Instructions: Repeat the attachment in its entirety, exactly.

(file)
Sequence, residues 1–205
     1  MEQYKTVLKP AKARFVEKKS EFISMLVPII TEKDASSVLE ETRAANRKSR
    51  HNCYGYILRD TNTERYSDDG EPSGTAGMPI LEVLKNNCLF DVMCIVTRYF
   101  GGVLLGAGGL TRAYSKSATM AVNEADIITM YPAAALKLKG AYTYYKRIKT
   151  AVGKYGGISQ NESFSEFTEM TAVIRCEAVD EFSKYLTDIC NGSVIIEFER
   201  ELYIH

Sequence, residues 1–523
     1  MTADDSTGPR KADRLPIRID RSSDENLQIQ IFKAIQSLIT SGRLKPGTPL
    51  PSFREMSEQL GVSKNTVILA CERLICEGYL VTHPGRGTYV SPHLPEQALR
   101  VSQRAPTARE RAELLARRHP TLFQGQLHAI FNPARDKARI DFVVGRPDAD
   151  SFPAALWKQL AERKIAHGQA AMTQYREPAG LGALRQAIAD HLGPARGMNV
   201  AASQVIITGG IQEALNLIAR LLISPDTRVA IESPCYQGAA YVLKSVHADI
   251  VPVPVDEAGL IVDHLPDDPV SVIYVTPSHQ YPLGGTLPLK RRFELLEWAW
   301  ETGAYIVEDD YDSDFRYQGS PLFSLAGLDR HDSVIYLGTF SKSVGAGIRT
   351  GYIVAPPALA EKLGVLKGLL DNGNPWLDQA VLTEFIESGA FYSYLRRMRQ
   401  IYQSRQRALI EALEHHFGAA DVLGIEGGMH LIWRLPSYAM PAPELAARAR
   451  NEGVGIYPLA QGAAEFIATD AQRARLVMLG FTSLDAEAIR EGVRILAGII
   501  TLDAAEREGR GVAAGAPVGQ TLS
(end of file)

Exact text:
Sequence, residues 1–205
     1  MEQYKTVLKP AKARFVEKKS EFISMLVPII TEKDASSVLE ETRAANRKSR
    51  HNCYGYILRD TNTERYSDDG EPSGTAGMPI LEVLKNNCLF DVMCIVTRYF
   101  GGVLLGAGGL TRAYSKSATM AVNEADIITM YPAAALKLKG AYTYYKRIKT
   151  AVGKYGGISQ NESFSEFTEM TAVIRCEAVD EFSKYLTDIC NGSVIIEFER
   201  ELYIH

Sequence, residues 1–523
     1  MTADDSTGPR KADRLPIRID RSSDENLQIQ IFKAIQSLIT SGRLKPGTPL
    51  PSFREMSEQL GVSKNTVILA CERLICEGYL VTHPGRGTYV SPHLPEQALR
   101  VSQRAPTARE RAELLARRHP TLFQGQLHAI FNPARDKARI DFVVGRPDAD
   151  SFPAALWKQL AERKIAHGQA AMTQYREPAG LGALRQAIAD HLGPARGMNV
   201  AASQVIITGG IQEALNLIAR LLISPDTRVA IESPCYQGAA YVLKSVHADI
   251  VPVPVDEAGL IVDHLPDDPV SVIYVTPSHQ YPLGGTLPLK RRFELLEWAW
   301  ETGAYIVEDD YDSDFRYQGS PLFSLAGLDR HDSVIYLGTF SKSVGAGIRT
   351  GYIVAPPALA EKLGVLKGLL DNGNPWLDQA VLTEFIESGA FYSYLRRMRQ
   401  IYQSRQRALI EALEHHFGAA DVLGIEGGMH LIWRLPSYAM PAPELAARAR
   451  NEGVGIYPLA QGAAEFIATD AQRARLVMLG FTSLDAEAIR EGVRILAGII
   501  TLDAAEREGR GVAAGAPVGQ TLS